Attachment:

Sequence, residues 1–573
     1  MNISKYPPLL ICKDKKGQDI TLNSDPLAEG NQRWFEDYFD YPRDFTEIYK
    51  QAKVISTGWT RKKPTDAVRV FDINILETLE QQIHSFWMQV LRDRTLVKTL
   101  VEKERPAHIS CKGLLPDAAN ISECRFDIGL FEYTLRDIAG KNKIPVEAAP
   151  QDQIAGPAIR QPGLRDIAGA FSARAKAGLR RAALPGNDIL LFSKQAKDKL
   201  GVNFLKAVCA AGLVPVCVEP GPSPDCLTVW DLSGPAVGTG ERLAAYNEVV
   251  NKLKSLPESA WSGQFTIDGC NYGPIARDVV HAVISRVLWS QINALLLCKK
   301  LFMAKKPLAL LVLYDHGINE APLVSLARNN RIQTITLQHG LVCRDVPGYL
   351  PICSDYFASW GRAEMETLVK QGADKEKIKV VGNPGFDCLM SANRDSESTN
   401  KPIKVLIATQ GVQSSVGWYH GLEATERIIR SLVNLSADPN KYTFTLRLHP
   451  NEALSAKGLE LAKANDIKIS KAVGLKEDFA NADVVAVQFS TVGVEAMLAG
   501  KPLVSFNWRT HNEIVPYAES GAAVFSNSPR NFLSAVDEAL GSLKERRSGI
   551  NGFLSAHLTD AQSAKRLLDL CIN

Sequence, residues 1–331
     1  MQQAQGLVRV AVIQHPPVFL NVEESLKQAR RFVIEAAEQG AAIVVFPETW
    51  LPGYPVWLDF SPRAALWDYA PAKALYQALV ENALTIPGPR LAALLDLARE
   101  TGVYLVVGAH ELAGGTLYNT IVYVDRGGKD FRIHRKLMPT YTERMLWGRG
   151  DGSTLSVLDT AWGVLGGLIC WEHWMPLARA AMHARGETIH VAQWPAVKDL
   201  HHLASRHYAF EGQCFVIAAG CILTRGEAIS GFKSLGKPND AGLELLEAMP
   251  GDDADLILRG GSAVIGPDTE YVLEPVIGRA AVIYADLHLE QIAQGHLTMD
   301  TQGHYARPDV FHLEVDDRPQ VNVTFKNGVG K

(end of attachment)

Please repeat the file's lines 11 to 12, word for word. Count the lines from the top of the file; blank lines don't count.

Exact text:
   451  NEALSAKGLE LAKANDIKIS KAVGLKEDFA NADVVAVQFS TVGVEAMLAG
   501  KPLVSFNWRT HNEIVPYAES GAAVFSNSPR NFLSAVDEAL GSLKERRSGI